“I like how it was built and it has that old architecture,” Des Moines-based artist Justin Young said of the Warren Cultural Center in Greenfield. “I like a lot of old buildings, it has a lot of interesting character.”
From June 7 — July 2, the WCC will be putting Young’s watercolors and portraits on display on the first floor. Young said his path to becoming an artist was non-linear.
“I always enjoyed paintings and then I went on to college at Iowa State University and majored in computer graphic design,” Young said.
While at Iowa State, Young developed an affinity for watercolors and pastels before broadening his talent. Much of the scenes on display come from the building exteriors at Iowa State and Iowa City.
“These days I enjoy painting landscapes, cityscapes and I also do commission work for little children and portraits, like home portraits, so I like a variety of subjects.”
Young is from south Asia and enrolled in high school in Iowa City when he was 14. Young said he’s inspired by people going about their day in certain settings which can conjure a sentimental vibe.
“My inspiration usually comes from daily life, some of the paintings are of rainy days,” Young said. “When I got off work and then it was raining I said, ‘Ooh, this scene is kind of intriguing to me,’ and then I took some pictures and then later on those pictures I took while it was raining inspired me to make rainy day paintings in downtown Des Moines.”
His subjects extend to interior scenes as well.
“Let’s say I go to an art museum and I see people looking at art, that can inspire me to do my museum art paintings.”
The purpose of his artistic work is to capture a feeling that the beholder can instantly connect to from their experiences.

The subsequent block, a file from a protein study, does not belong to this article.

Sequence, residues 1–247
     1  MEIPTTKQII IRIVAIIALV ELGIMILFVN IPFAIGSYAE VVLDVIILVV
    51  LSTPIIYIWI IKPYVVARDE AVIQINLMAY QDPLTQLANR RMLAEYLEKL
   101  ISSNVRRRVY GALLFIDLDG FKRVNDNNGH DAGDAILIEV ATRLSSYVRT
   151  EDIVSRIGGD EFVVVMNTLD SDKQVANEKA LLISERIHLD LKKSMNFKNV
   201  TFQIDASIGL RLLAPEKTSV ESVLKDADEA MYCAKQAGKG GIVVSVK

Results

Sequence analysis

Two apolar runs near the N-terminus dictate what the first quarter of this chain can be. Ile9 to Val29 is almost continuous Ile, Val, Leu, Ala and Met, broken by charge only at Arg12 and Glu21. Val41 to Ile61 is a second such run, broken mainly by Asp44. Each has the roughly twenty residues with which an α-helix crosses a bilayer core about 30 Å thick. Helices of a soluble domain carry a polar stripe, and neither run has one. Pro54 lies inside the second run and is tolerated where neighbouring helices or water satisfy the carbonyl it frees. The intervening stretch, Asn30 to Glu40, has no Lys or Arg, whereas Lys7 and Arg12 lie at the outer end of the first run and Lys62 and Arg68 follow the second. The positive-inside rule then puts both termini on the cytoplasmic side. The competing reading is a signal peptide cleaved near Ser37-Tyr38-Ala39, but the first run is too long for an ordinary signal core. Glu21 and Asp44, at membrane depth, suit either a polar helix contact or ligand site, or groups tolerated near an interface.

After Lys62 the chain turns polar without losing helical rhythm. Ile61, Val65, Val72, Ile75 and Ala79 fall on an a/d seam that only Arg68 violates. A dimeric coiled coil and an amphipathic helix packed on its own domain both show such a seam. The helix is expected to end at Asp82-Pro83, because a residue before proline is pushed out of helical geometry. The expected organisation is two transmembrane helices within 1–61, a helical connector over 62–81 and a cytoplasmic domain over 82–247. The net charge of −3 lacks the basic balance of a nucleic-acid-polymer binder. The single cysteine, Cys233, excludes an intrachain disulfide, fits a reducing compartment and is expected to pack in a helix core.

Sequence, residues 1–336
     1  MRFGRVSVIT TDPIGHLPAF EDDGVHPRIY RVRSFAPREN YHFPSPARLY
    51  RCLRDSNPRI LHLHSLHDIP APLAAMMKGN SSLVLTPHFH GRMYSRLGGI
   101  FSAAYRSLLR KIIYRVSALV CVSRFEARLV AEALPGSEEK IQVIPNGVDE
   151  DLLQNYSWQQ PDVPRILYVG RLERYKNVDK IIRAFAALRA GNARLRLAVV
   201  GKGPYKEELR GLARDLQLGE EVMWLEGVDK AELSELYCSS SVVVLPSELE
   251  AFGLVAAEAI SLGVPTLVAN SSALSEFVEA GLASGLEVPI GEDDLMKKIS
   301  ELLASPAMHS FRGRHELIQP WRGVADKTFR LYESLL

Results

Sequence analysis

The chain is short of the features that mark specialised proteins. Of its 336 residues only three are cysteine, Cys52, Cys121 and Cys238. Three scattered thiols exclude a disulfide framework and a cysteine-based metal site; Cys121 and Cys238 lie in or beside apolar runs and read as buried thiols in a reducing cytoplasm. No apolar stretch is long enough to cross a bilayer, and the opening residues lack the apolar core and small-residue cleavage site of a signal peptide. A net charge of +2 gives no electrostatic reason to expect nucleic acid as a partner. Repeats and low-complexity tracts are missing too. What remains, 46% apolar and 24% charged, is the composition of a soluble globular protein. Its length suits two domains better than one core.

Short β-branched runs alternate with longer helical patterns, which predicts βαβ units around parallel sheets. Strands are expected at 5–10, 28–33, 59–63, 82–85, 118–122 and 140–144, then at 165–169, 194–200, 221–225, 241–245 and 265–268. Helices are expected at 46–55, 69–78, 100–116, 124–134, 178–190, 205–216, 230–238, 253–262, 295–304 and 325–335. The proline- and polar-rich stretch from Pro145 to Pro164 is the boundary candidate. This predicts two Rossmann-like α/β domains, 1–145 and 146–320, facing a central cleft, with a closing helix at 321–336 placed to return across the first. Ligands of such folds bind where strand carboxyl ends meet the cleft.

“Each painting, whenever I do the painting, I like to create a story with my paintings,” he said, “I like my paintings to be a story to tell people about something they can experience themselves.”
Young said he did not find so much encouragement from his education but rather the people around him.
“I get a lot of encouragement from my peers, some of my friends, I get a lot of encouragement from my customers, actually.”
His customers are anyone who find themselves touched by his work and desire to hold onto a piece of his art.
“Let’s say people come to see my art and they contact me and say, ‘Hey, I see some art out here,’ and they want to know more about my art, and sometimes they purchase them.”
Young said he wants to use his talents to please people.
“I can please other people, I can make them happy, I can make them smile,” he said. “Some of my pet portrait pieces or my cityscapes, for some reason, that makes them smile.”
The centerpiece of the exhibit is a portrait of what appears to be of six dogs at play. Young says the painting, which took him weeks to complete, is actually of two dogs in three different poses depicted as if there were more of them interacting with each other. Love of pets often draws a connection between the painting and the person.
“People tend to like those arts that they can relate to,” he said.
When Young found out the United States Postal Service would be redesigning their trucks, he captured a slice-of-life scene of the USPS trucks en route as he says nostalgia for the truck design will have sentimental value.
Young was contacted by the Warren Cultural Center after they had seen his work in Des Moines.
“They loved it so they invited me here to do this art show.”
He jumped at the opportunity to display his works in a small, quiet town.
“It’s kind of nice to be able to exhibit my art outside of the Des Moines area,” he said. He also displays his work at the Garden Center in Omaha.
Young said he found the Greenfield and the surrounding rural scenes picturesque.
“I love the landscape here, it’s so green, there are a lot of hills.”
“I didn’t know what I was missing before I came here,” he said. “I drove by when I go to Omaha, I see the sign that says, ‘Greenfield,’ but for some reason I missed it, this is a very pretty sight, and nice city, too.”